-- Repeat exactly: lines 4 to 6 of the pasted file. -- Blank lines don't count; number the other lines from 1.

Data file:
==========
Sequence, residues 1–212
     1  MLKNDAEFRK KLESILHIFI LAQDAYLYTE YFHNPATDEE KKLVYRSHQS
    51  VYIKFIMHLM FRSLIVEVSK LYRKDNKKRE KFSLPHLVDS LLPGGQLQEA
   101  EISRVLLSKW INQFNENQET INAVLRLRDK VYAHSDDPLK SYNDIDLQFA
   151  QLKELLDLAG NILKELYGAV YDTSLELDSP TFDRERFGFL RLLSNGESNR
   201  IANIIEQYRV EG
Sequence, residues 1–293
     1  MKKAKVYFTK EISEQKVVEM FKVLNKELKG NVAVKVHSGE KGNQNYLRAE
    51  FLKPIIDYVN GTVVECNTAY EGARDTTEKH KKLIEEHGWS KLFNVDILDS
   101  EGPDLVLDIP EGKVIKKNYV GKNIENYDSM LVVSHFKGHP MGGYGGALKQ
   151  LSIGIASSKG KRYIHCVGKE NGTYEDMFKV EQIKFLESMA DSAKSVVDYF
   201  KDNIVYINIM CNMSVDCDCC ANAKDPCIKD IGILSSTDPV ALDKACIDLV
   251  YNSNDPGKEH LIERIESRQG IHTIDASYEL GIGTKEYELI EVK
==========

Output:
   101  EISRVLLSKW INQFNENQET INAVLRLRDK VYAHSDDPLK SYNDIDLQFA
   151  QLKELLDLAG NILKELYGAV YDTSLELDSP TFDRERFGFL RLLSNGESNR
   201  IANIIEQYRV EG